In Social Security Disability or statutory blindness cases, a person’s insured status is an important date. In claims for Disability Insurance Benefits, a claimant will always have a date last insured, or DLI. In order to qualify for Title II Disability Insurance Benefits, in addition to meeting the strict medical requirements, a person must establish that the disability onset date is prior to his or her date last insured.
It is helpful to think of the date last insured in terms of an insurance policy, which most people are familiar with. If you stop paying your insurance premium, very soon you will lose your coverage. Similarly, when you work and contribute payroll taxes, it is as if you are paying an insurance premium which includes disability coverage. If you stop working and contributing social security taxes, at some point you lose your insured status.
The analogy to a private insurance policy is far from perfect. In many cases where a person has a long work history, his disability insured status continues for about five years after he stops working and paying taxes.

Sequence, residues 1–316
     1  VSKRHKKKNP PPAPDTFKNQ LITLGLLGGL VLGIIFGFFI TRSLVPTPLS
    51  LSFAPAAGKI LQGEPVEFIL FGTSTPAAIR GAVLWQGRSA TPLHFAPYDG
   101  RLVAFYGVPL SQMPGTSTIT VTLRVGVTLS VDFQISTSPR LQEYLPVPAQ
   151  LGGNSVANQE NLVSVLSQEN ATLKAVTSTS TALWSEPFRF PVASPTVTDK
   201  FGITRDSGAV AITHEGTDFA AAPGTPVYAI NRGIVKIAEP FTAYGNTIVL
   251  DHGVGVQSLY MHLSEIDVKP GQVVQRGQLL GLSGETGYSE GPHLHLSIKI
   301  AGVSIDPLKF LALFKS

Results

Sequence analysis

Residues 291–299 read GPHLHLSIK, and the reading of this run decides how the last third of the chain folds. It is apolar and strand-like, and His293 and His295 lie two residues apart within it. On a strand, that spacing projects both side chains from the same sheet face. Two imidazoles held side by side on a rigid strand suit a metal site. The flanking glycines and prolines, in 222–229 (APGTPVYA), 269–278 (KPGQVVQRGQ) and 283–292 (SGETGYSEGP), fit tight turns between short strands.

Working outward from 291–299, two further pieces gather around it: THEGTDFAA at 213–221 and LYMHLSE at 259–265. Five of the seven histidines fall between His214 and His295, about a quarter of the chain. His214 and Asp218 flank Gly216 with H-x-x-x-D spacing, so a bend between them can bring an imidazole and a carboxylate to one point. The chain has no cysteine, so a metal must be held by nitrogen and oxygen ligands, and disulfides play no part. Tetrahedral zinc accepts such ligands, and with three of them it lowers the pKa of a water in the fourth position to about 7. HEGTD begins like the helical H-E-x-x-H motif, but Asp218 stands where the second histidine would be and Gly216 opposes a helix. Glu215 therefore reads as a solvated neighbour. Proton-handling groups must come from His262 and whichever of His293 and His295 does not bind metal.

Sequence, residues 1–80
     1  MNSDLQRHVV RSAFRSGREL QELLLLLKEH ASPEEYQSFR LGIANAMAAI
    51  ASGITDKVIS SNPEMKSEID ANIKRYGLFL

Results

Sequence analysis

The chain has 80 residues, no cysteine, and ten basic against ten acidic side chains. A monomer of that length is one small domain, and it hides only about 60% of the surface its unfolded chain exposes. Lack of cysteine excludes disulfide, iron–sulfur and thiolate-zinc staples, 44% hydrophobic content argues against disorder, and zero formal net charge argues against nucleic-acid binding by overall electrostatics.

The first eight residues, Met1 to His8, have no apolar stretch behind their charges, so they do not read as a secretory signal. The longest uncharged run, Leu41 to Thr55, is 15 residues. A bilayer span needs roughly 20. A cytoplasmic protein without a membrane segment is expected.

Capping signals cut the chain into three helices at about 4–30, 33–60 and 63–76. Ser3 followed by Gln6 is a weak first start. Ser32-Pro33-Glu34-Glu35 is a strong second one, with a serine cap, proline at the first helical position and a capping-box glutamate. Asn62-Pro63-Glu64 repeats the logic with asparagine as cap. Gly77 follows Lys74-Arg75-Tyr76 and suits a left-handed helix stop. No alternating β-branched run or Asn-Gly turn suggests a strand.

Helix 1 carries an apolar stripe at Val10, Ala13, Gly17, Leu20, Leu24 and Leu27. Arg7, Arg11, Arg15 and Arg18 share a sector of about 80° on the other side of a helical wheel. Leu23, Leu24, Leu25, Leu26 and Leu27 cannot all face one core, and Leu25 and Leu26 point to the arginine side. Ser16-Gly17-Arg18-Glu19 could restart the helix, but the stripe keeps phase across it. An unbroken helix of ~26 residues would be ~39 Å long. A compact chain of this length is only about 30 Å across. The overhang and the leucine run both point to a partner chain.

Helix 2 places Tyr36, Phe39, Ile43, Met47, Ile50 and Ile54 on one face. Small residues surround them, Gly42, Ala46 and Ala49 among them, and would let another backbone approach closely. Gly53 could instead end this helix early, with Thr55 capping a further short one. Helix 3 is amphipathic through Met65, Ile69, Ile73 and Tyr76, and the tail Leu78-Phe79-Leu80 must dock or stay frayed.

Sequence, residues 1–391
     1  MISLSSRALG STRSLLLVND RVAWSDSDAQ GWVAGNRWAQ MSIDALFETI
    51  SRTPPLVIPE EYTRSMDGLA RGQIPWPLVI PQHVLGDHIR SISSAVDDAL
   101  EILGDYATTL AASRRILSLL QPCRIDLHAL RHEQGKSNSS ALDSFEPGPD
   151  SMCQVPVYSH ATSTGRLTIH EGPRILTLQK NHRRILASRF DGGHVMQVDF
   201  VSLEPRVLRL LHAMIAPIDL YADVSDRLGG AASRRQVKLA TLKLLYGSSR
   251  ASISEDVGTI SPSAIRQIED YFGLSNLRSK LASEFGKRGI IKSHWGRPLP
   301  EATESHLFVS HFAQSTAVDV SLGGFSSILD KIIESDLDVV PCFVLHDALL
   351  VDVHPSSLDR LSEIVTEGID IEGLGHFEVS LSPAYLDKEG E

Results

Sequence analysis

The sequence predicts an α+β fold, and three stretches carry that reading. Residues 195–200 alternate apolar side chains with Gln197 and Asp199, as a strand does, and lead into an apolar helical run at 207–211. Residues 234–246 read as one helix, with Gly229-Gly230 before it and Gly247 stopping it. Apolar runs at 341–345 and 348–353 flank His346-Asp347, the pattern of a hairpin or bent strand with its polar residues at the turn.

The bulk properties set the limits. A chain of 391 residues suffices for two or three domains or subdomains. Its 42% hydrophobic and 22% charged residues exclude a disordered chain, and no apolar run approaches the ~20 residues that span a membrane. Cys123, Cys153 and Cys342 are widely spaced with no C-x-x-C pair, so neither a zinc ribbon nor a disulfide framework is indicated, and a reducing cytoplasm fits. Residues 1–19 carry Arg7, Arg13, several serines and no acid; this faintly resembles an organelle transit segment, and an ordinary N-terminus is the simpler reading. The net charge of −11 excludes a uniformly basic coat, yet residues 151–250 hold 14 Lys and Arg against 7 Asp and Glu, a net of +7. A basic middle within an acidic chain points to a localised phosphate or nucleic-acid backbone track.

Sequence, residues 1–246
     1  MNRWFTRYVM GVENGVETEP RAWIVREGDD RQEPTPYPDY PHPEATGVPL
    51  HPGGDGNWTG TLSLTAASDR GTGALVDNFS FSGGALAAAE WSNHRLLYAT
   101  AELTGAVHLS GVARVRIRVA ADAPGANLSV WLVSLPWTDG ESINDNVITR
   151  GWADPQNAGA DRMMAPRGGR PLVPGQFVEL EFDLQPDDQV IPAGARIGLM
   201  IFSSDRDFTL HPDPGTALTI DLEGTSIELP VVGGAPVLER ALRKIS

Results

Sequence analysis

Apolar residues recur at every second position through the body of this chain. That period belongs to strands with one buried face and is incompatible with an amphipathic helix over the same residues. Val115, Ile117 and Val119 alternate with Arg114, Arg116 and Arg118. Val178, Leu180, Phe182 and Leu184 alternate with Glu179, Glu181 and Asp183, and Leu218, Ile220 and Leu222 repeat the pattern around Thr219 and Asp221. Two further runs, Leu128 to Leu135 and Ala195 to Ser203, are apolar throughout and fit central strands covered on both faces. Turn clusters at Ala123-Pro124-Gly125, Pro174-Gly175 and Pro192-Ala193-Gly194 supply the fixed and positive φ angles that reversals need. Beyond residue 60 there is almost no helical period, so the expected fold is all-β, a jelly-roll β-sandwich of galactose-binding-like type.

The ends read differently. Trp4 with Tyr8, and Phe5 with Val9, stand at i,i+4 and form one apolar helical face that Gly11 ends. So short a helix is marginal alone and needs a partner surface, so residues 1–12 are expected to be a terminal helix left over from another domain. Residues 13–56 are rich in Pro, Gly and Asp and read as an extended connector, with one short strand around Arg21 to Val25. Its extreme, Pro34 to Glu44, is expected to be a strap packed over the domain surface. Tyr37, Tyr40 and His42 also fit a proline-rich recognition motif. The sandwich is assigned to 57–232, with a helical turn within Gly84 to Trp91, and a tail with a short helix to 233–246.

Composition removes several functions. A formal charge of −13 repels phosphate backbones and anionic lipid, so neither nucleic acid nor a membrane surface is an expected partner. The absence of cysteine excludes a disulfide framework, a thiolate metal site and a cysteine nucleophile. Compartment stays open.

Different rules apply for a person who is determined to be statutorily blind. In such a case, a person may qualify based on his or her fully insured status. This is usually a much longer period of time. These rules are set forth in Social Security’s Program Operations Manual at RS 00301.150 and DI 25501.320.
For disabled or blind individuals, it is helpful to consult with an attorney, as there are rules that can be difficult for a lay person to understand.
This material should not be construed as legal advice for any particular fact situation, but is intended for general informational purposes only. For advice specific to any individual situation, an experienced attorney should be contacted.